**UPDATE: Since this article was published on May 26th, there have been further developments with San Francisco's sugary drinks advertising law. On June 8th, a federal judge put the ordinance on hold, while the beverage industry appeals the ruling from May 17th. This means the law is not likely to go into effect on July 25, 2016, as previously reported. Stay tuned for further news about this case and implementation of the law.
Last year, San Francisco’s Board of Supervisors enacted a city law that requires advertisements for sodas and other sugary drinks to carry a warning label. However, the beverage and advertising industries pushed back by filing a lawsuit against the city to block the law from taking effect. On May 17, 2016, U.S. District Judge Edward Chen denied the industries’ request for a preliminary injunction to stall the ordinance.
To help us understand the ruling and what this means for San Francisco’s soda warning label law, we’ve tapped the expertise of Sabrina Adler, a Senior Staff Attorney at ChangeLab Solutions, for a Q & A…
Question 1: Can you briefly explain what San Francisco’s soda warning label law will do? Where and when can consumers expect to see the changes in the city?
SA: The ordinance, which will go into effect on July 25, 2016**, requires all sugary drink ads on signs, billboards, or posters to include the following statement: “WARNING: Drinking beverages with added sugar(s) contributes to obesity, diabetes, and tooth decay. This is a message from the City and County of San Francisco.” The warning must occupy at least 20% of the total area of each ad and must be clearly legible. The requirement does not apply to ads on television or the internet, or in periodicals, because in many cases the city does not have jurisdiction over those types of ads. Consumers should start to see the warnings on billboards, on posters on public transit and in transit stations, on storefront advertising, and on other similar fixed-location print ads within San Francisco over the summer.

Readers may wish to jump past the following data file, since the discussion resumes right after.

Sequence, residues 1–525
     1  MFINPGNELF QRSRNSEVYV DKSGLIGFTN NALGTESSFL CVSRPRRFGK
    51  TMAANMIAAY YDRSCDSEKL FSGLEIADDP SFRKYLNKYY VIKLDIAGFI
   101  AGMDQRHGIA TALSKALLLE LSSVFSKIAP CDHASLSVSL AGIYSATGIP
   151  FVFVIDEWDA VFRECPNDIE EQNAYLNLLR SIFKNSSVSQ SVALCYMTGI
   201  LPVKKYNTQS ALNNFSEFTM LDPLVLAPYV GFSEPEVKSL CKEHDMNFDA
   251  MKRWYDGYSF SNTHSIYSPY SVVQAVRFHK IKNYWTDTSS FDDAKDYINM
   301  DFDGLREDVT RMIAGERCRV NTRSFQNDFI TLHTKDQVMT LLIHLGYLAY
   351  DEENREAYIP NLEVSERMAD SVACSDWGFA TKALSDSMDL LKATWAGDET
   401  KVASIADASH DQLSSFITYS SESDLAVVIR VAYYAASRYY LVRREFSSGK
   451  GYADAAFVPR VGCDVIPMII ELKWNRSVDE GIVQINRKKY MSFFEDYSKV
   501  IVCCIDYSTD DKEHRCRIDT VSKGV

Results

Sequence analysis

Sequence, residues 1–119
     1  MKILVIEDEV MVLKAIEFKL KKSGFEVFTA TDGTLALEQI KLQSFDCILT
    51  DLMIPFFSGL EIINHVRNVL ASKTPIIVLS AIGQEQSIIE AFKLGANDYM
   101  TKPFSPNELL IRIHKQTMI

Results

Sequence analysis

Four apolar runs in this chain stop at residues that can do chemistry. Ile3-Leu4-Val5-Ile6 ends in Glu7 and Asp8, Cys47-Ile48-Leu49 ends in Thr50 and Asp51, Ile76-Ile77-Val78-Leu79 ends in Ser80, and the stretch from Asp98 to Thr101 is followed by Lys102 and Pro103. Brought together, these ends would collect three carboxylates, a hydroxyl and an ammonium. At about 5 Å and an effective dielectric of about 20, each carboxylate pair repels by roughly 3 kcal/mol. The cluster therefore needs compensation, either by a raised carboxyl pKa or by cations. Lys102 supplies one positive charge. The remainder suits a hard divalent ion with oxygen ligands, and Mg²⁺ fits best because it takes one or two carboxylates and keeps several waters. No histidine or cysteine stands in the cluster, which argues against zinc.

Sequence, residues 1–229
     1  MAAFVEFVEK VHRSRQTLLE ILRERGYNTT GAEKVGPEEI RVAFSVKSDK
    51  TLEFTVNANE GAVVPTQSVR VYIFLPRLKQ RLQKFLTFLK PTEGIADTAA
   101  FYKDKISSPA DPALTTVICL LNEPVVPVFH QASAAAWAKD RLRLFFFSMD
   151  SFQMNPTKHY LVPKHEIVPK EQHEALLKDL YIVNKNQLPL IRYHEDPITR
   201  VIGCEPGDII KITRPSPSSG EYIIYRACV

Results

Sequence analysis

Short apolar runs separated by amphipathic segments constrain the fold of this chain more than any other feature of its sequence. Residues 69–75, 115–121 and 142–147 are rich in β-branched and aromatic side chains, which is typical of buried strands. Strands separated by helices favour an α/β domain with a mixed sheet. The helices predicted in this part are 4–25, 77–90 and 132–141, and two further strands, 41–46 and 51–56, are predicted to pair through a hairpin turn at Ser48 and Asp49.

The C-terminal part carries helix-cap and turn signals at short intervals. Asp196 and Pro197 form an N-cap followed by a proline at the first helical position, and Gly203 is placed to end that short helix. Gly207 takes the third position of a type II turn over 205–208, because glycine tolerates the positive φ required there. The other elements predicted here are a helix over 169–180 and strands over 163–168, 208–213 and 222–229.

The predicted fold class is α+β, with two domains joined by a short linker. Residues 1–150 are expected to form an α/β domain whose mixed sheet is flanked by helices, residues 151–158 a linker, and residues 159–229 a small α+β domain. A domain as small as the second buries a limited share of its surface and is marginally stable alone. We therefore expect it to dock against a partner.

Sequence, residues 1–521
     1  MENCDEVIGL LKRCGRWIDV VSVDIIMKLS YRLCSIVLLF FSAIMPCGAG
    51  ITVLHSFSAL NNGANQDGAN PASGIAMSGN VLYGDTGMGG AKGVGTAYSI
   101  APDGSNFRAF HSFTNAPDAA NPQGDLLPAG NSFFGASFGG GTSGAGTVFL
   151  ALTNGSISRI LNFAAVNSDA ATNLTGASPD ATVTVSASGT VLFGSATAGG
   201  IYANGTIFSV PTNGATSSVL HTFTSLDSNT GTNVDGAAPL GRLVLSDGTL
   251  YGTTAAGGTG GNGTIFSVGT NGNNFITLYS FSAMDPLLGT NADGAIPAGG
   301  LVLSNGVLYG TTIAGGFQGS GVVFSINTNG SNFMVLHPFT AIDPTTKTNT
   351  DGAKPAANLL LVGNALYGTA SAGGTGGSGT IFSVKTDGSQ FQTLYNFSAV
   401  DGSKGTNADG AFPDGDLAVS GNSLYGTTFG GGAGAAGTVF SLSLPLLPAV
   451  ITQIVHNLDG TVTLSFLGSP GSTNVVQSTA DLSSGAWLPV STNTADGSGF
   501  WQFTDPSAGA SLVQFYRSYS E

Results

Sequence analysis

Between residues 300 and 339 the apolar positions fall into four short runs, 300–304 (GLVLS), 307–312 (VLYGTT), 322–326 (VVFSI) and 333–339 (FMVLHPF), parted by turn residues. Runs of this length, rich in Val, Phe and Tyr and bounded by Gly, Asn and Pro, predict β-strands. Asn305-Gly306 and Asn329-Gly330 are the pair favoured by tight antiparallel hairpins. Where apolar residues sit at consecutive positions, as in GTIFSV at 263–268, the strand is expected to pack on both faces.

Question 2: The American Beverage Association, the California Retailers Association, and the California State Outdoor Advertising Association have challenged this law. What were their grounds for filing a lawsuit against the City?
SA: These industry groups filed a lawsuit claiming the ordinance was a violation of their constitutional rights. Specifically, they argued that the law should be struck down under the First Amendment, which guarantees freedom of speech. Most people think of the First Amendment as preventing the government from restricting speech, but in certain instances it also prevents the government from requiring you to speak against your will. Because this warning requirement requires beverage companies and advertisers to add speech, in the form of a warning, to their ads, they claimed their First Amendment rights would be violated. They also argued that they would, in effect, be forced to stop advertising in San Francisco as a result of the law, and that they were being targeted unfairly, since the law doesn’t apply to many other sugary products, like candy and baked goods.